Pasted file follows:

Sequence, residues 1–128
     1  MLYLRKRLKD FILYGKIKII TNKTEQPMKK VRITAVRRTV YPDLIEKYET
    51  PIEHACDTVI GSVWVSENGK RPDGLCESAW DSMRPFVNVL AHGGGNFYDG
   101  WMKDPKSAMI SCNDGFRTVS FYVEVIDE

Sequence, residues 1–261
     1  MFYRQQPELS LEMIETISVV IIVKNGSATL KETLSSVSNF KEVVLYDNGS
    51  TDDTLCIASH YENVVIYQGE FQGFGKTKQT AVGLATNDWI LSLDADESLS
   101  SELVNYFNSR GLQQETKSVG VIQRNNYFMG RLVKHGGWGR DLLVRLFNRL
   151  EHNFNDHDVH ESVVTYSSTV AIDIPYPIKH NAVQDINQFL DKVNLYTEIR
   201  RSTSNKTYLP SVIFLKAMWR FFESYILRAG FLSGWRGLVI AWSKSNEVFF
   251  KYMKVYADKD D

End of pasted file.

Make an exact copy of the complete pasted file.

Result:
Sequence, residues 1–128
     1  MLYLRKRLKD FILYGKIKII TNKTEQPMKK VRITAVRRTV YPDLIEKYET
    51  PIEHACDTVI GSVWVSENGK RPDGLCESAW DSMRPFVNVL AHGGGNFYDG
   101  WMKDPKSAMI SCNDGFRTVS FYVEVIDE

Sequence, residues 1–261
     1  MFYRQQPELS LEMIETISVV IIVKNGSATL KETLSSVSNF KEVVLYDNGS
    51  TDDTLCIASH YENVVIYQGE FQGFGKTKQT AVGLATNDWI LSLDADESLS
   101  SELVNYFNSR GLQQETKSVG VIQRNNYFMG RLVKHGGWGR DLLVRLFNRL
   151  EHNFNDHDVH ESVVTYSSTV AIDIPYPIKH NAVQDINQFL DKVNLYTEIR
   201  RSTSNKTYLP SVIFLKAMWR FFESYILRAG FLSGWRGLVI AWSKSNEVFF
   251  KYMKVYADKD D